However, you should be warned – Aronofsky relies very much on shaky, hand-held camera work in the film. I understand that he was trying to capture the kineticism of dance. However, I personally am prone to vertigo and so I have a particular sensitivity to these kinds of things. I got physically ill during the course of this movie and I would think most people with balance issues are going to do the same. I think the technique was used far too much during the movie and I downgraded it several pegs because of it. Even those not afflicted with my issues reported some queasiness watching the movie.

The supporting cast is very good, particularly Cassel as the arrogant director who is nothing short of a sexual predator. He is arrogant and self-centered, not a villain precisely but certainly someone who mercilessly pushes Nina down the road to madness. Kunis does some career enhancement work as the sexually aggressive dancer who may or may not be manipulating Nina. This is a side of her we’ve never seen and Kunis shows off not only her sexuality but a dark side that is at odds with her image. This should certainly erase all thoughts of “That 70s Show” from your head.  Best of all is Hershey as the high-strung mom. Hershey has aged nicely but you’d never know it here; she is lined and careworn, a shade too skinny and probably in need of a long vacation. She makes you nervous every time she’s onscreen which is exactly right for the character. Her overprotectiveness has warped Nina and you wonder if mommy dearest might not be the sickest one in the movie.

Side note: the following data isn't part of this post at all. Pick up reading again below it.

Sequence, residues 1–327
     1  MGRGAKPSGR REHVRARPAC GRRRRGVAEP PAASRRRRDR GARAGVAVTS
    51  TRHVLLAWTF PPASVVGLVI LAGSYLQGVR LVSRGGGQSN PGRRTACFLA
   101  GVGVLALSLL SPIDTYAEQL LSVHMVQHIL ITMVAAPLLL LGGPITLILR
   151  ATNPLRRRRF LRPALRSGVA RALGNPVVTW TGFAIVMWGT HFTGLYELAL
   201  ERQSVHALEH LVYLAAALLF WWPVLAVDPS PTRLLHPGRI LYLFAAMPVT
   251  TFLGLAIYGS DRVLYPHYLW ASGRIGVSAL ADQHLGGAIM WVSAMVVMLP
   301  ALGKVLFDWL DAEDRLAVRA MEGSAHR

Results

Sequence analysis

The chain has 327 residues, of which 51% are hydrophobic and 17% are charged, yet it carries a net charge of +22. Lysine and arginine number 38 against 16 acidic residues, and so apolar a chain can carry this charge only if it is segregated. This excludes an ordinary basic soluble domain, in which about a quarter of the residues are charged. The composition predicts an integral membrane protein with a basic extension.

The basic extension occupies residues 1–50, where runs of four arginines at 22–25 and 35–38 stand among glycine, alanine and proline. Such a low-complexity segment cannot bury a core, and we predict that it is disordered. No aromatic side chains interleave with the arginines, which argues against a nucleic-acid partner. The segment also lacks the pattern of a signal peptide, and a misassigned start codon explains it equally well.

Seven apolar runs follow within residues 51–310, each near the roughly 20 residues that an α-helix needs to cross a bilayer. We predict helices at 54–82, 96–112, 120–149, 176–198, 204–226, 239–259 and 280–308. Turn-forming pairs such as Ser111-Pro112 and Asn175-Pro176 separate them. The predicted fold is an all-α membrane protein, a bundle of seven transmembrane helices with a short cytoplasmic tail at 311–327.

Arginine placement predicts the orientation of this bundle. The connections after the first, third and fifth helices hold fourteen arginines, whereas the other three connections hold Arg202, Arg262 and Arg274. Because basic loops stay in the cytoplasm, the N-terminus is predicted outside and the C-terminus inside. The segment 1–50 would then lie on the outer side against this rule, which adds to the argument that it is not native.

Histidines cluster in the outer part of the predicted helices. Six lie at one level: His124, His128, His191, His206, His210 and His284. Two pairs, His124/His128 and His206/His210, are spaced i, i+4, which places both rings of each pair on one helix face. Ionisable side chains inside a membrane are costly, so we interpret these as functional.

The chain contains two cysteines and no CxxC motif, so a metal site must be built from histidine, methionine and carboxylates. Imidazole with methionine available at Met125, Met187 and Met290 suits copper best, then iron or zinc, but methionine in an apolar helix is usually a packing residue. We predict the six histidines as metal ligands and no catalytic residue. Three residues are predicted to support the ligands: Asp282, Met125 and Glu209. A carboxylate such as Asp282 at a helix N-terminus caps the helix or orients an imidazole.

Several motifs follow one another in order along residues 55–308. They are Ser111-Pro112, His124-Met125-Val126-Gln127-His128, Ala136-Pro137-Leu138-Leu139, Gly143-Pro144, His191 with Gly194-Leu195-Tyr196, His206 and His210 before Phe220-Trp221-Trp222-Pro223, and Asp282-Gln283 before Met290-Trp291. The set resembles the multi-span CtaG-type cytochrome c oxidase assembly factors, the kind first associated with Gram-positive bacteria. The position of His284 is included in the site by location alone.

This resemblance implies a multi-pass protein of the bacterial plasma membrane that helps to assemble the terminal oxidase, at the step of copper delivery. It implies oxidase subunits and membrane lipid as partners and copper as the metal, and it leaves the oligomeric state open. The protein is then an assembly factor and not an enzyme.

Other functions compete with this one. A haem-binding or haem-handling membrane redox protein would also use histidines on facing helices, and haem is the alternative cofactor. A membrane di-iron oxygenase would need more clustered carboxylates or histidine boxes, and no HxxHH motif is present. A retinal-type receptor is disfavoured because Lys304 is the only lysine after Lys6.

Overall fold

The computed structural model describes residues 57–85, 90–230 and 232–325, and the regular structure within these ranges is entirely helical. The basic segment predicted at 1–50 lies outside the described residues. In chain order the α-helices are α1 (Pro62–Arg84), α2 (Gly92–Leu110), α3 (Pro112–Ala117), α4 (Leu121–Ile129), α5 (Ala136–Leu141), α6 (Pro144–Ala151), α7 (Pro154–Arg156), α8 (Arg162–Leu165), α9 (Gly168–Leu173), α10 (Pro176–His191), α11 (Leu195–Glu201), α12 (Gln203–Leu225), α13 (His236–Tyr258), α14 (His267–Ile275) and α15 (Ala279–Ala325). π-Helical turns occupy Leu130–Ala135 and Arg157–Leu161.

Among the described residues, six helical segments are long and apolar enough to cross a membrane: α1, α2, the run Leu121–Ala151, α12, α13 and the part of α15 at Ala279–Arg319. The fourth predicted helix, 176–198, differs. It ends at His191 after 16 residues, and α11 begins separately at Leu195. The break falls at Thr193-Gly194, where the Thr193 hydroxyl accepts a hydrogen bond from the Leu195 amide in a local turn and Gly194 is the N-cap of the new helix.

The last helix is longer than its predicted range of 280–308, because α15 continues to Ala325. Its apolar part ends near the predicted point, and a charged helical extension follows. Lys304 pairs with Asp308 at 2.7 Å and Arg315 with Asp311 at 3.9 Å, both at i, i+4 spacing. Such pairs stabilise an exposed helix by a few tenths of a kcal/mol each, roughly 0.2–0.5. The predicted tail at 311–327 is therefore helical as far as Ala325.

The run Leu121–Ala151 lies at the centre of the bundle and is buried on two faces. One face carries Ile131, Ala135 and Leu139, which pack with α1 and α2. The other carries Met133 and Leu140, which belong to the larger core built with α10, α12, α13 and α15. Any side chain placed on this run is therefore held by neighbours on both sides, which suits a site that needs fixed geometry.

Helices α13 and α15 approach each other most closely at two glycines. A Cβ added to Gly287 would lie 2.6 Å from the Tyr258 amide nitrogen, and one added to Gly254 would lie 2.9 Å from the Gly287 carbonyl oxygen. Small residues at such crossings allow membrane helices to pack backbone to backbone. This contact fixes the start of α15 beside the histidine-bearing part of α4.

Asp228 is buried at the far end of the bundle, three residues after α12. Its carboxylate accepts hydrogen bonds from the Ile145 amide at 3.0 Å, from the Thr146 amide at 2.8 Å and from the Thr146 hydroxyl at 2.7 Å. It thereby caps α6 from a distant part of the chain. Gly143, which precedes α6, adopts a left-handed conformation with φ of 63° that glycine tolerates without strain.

I admire the ambitions of Darren Aronofsky and I especially admire Portman’s brave performance. This is a movie that will be starting some conversations for quite awhile if I don’t miss my guess. It’s a shame that the movie had the physical effect on me that it did; this could easily have gotten a much higher rating than it did.

REASONS TO GO: Natalie Portman gives one of the best performances you’ll ever see. A very realistic backstage look at an art form where discipline is brutal and absolute.

REASONS TO STAY: Handheld cam excess makes it dizziness inducing. Some of the psychological aspects are confusing and disjointed.

FAMILY VALUES: There are some intense scenes of sexuality including some same-sex and masturbation scenes, as well as some disturbing images.  

TRIVIAL PURSUIT: During the course of the film, Natalie Portman sustained twisted and dislocated ribs as well as a concussion.

HOME OR THEATER: Given the penchant for shaky-cam, I’d say home is better.

FINAL RATING: 5/10

TOMORROW: Motherhood